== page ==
Prop 1: level of control = level of collaboration, rate of defection
Prop 2: Indiscriminate violence is counterproductive in CW.
You don’t know who’s collaborating w/ENY unless you have some level of control; that’s why
we fight in contested zones to gain control.
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Systems Theory I & II
Theory of Irregular War
Civil War Violence
Political Geography
Theory & Planning
Jeffrey Herbst, States and Power in Africa (TOA)
Major issues for building states: 1. Cost of expanding dominant pwr infrast, 2. Nature of nat’l
boundaries, 3. Design of state system.
Africa’s current state is NOT based on colonialism; sovereignty issues pre-date colonialism
Africa ≠ Europe: land is abundant, so wars are fought more for people or treasure NOT
territory
Actual “rule” only effective IVO cities and capitols, not in hinterland.
Wars mostly internal = lack of nationalism and tax base
Post-colonial theme = firm boundaries with weak internal control.
Alternatives to current int’l state system: 1. Look at Africa regionally, 2. Decertify nonfunct’l
states, 3. Recognize new nation states (ala Balkans)
Mintzberg’s Concept of Strategy (TOA) Understand this concept
Everett Dolman, Pure Strategy (DOA)
Tacticians look for solutions; strategists look for continuous progress (diff. perspectives.
Complexity is an attempt to understand the chaos; deal with systems of indep but interrelated
parts where inputs ≠ outputs; must try to avoid overly disruptive inputs (over correction –
Dorner).
Chaos & Complexity = biggest influence on modern war/OA (net-centric)
Quantum physics – prediction much easier at tactical level than strategic
We work mostly in complex, adaptive systems – no final state & in state of perpetual flux
(Does this negate the Element of OA for End State?)
SCOA
EOA
DOA
Doctrine
MDW
EOA
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Campaign in America, 1776
Napoleon’s 1806 Campaign
Mexico City, 1847
Moltke & Franco-Prussian
War
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FOA
TOA
Doctrine and Theory after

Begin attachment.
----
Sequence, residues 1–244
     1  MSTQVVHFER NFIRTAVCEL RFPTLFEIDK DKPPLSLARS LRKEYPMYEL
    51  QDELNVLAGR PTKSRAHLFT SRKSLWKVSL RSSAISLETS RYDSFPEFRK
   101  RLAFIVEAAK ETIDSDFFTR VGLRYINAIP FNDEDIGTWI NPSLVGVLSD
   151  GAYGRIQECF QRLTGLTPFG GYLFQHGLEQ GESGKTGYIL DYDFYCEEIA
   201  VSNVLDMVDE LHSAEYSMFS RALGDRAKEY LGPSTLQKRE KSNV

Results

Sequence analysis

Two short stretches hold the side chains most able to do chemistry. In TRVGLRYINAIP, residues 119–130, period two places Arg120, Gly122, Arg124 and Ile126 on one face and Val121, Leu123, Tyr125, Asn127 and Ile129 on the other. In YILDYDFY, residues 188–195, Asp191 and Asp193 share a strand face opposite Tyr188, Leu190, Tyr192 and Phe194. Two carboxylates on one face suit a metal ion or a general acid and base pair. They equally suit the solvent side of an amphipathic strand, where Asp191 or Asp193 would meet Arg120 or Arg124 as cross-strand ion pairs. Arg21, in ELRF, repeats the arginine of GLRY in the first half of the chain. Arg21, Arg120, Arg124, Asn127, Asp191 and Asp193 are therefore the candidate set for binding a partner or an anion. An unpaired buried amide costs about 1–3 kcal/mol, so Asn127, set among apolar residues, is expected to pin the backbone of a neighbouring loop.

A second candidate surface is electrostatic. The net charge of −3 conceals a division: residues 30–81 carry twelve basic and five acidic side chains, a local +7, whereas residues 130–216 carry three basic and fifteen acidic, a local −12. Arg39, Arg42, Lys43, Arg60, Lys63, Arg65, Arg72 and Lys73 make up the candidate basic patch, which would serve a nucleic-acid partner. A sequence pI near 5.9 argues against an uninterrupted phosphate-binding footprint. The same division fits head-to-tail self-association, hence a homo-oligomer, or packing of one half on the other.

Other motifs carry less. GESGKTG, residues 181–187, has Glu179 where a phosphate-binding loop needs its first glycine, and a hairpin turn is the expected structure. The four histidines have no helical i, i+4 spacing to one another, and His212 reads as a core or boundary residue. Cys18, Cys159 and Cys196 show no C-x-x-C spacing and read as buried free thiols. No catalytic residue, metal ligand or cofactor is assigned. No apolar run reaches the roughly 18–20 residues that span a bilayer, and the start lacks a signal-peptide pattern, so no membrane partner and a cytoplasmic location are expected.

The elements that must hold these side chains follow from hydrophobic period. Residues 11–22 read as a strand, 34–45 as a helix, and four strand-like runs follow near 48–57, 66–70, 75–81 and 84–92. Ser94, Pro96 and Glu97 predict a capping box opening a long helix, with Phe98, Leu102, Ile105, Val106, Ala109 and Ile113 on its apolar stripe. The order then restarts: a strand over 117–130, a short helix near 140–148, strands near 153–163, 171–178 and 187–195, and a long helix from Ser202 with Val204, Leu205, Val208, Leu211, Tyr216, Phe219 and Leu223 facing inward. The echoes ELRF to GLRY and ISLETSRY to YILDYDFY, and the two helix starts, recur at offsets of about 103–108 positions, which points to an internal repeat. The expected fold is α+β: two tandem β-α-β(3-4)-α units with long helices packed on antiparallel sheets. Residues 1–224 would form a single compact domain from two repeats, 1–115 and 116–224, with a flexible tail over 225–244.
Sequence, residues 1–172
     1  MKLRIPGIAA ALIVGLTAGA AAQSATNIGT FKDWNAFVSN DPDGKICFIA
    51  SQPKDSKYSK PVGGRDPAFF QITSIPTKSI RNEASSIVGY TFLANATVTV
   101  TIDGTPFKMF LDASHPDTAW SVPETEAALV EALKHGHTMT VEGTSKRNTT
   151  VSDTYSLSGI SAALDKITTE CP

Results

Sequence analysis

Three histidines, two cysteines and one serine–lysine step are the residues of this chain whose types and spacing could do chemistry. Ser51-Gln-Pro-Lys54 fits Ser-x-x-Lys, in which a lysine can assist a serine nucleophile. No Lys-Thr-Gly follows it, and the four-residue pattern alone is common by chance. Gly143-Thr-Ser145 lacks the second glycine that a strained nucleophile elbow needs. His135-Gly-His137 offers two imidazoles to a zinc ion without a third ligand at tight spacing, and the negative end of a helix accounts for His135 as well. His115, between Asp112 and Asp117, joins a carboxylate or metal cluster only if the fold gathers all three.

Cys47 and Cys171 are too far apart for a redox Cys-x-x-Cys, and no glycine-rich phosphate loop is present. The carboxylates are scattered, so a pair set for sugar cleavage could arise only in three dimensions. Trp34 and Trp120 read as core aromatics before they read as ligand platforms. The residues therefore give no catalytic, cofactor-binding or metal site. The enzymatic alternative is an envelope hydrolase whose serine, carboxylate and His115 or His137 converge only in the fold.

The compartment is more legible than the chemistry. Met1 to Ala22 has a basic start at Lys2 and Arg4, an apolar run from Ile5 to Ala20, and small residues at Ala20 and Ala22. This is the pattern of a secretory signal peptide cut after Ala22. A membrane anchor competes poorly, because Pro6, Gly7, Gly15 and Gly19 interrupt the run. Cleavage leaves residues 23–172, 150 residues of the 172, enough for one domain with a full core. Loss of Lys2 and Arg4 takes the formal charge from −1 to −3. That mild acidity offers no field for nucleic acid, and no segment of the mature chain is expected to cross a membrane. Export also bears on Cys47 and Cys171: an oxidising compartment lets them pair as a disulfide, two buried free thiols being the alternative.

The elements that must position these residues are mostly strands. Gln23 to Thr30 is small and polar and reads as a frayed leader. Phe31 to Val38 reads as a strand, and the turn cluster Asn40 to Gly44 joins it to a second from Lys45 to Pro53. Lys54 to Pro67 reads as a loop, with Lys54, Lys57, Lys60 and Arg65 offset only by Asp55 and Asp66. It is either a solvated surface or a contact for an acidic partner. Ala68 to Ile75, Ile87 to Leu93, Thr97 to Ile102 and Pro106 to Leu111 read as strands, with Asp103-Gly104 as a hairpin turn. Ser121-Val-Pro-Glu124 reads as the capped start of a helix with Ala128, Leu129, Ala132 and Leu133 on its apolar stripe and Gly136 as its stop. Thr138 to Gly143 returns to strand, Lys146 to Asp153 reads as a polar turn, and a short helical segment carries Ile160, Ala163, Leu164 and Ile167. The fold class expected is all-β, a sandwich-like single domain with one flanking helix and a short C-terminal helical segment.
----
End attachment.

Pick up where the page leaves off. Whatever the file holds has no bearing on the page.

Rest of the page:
Civil War
Philippines, 1899-1902
Meuse-Argonne 1918
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Interwar Operational Art
NW Europe: OVERLORD
NW Europe: COBRA/
GOODWOOD
Eastern Front, 1944
E101: Course Introduction
- Carl von Clausewitz, On War
- ADP 3-0
- ADRP 3-0, Chapter 4
- Bruscino, “The Theory of Operational Art and Unified Land Operations”
- JP 3-0, Ch 1, 2, 5A, 5B.
E102: The Campaign in America: 1776
- Fischer, Washington’s Crossing
E103: Napoleon’s 1806 Campaign
- Epstein, Napoleon’s Last Victory and the Emergence of Modern War
- Chandler, The Campaigns of Napoleon
E104: Mexico City, 1847
- Johnson, A Gallant Little Army: The Mexico City Campaign
- Scott, “Vera Cruz and Its Castle”
E105: Moltke & Franco-Prussian War
- Wawro, Franco-Prussian War: German Conquest of France in 1870-1871
ENABLING LEARNING OBJECTIVES
• Assess development of theory and doctrine of operational art.
• Analyze planning & execution of historical campaigns and opns.
• Examine historical changes & continuities in American Op Art.
• Apply operational art to historical scenarios.
Terminal Learning Objective (TLO)
Evaluate the historical and contemporary practice of
operational art.
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Philippines, 1945 I & II
Korea (Oct50-Mar51)
Vietnam Escalation
Cambodia, 1970
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1973 Arab Israeli War
AirLand Battle
Nixon’s War
OBJECTIVES
• Understand Op’l Art and Op’l Level today and since Clausewitz
• Revisit Clausewitz’s: classical strategy, campaigns, theaters of
operations, marches, supply, terrain, lines of operation and
communication, offense, defense, and culminating point.
• Use Clausewitz and contemporaries to set theoretical
foundation for campaign analyses throughout EOA.
• Practice campaign evaluation methods: MC, Elements of Op
Art
• British operations in 1776 are the standard for understanding
campaign art at end of 18c, prior to Napoleonic warfare:
included ground and naval components, a mix of regular and
guerilla forces, and coalition warfare on both sides.
• For our classical theorists, Jomini and Clausewitz, Napoleon’s
wars were never far from their minds. The 1806 war between
France and Prussia, a classic example of large-unit operations
in a conventional environment.
• Scott’s campaign demonstrated joint aspects, logistics and
intelligence, and synchronized conventional and pacification
operations.
• Battle of Königgrätz (1866): best example of military
commander and politician terminated a conflict and restored
the political dialogue. Franco-Prussian War (1870-1): German
military victory did not immediately translate to political